In addition, riders can benefit from sensing technology and data analytics. Apps like Moovit and Transit anticipate which buses are likely to be crowded. Travelers can use this data to better plan their journeys. However, not everyone can afford to plan their commute according to when a bus is less crowded. That’s why innovation in air cleaning technologies is needed to ensure that even full buses can be safe.

2. Air Purification Systems

At the height of the Covid-19 pandemic, transit agencies put certain protocols in place (mandatory mask-wearing, social distancing, frequent sanitization procedures, activation of ventilation systems) to help passengers feel safer.

However, all these procedures still might not guarantee that the air is free of airborne pathogens that could cause illness. Air purification technologies can help address concerns about contaminants in the air that potentially make it less healthy. They can also help reduce certain volatile organic compounds (VOCs) in the air that contribute to bad odors, therefore creating a better — and more comfortable — passenger experience.

The pandemic has certainly helped accelerate indoor air quality innovation for buildings and other indoor spaces, but the transportation sector can also benefit. There’s a caveat, of course — the environment inside a public transit vehicle, including how the air circulates, can be very different from that of an office or restaurant. Due to the high occupant density, these spaces are also extremely vulnerable to the transmission of airborne diseases (as demonstrated by the examples of a New York subway vehicle and a passenger bus in China).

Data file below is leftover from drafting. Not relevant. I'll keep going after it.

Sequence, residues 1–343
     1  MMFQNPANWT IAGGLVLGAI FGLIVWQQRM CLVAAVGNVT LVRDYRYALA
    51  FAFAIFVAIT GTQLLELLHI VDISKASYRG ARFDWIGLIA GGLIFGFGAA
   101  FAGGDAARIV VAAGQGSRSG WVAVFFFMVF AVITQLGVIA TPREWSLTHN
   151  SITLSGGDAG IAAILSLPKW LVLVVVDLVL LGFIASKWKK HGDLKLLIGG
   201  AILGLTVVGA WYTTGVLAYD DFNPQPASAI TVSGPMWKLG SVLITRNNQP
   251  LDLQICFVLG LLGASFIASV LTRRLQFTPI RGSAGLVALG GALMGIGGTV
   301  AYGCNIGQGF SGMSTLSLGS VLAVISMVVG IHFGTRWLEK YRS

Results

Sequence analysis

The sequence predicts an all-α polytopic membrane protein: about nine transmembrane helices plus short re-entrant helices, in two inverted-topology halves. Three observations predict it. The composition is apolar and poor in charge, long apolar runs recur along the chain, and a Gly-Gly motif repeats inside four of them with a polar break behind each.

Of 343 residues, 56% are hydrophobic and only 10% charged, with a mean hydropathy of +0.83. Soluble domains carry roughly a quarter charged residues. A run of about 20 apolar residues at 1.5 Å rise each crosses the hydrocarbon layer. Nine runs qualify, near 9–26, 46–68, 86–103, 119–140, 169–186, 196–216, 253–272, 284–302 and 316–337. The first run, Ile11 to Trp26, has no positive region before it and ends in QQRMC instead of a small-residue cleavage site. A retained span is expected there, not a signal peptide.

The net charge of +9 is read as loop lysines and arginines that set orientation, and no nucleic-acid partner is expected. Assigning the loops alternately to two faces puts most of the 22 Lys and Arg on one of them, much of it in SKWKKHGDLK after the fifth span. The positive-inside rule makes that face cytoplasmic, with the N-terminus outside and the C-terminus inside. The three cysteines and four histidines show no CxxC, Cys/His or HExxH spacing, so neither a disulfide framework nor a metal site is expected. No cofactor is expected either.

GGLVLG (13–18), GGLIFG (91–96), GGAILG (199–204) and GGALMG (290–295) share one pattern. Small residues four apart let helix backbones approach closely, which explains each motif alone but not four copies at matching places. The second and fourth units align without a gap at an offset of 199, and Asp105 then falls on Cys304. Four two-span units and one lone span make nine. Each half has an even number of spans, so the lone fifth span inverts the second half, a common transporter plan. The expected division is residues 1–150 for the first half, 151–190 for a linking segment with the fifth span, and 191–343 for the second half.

The American Society for Heating, Refrigeration and Air-Conditioning Engineers (ASHRAE) recommends transport vehicles use high-efficiency particulate air filters (HEPA) to capture unwanted airborne contaminants. Yet emerging technologies, such as graphene-enhanced photocatalytic oxidation, may pave the way for even safer and healthier public transit.

For example, our brand Thermo King, recently launched an air purification solution that can be integrated in a bus’ heating, ventilation and air conditioning (HVAC) unit. It continuously purifies air while a bus is in operation.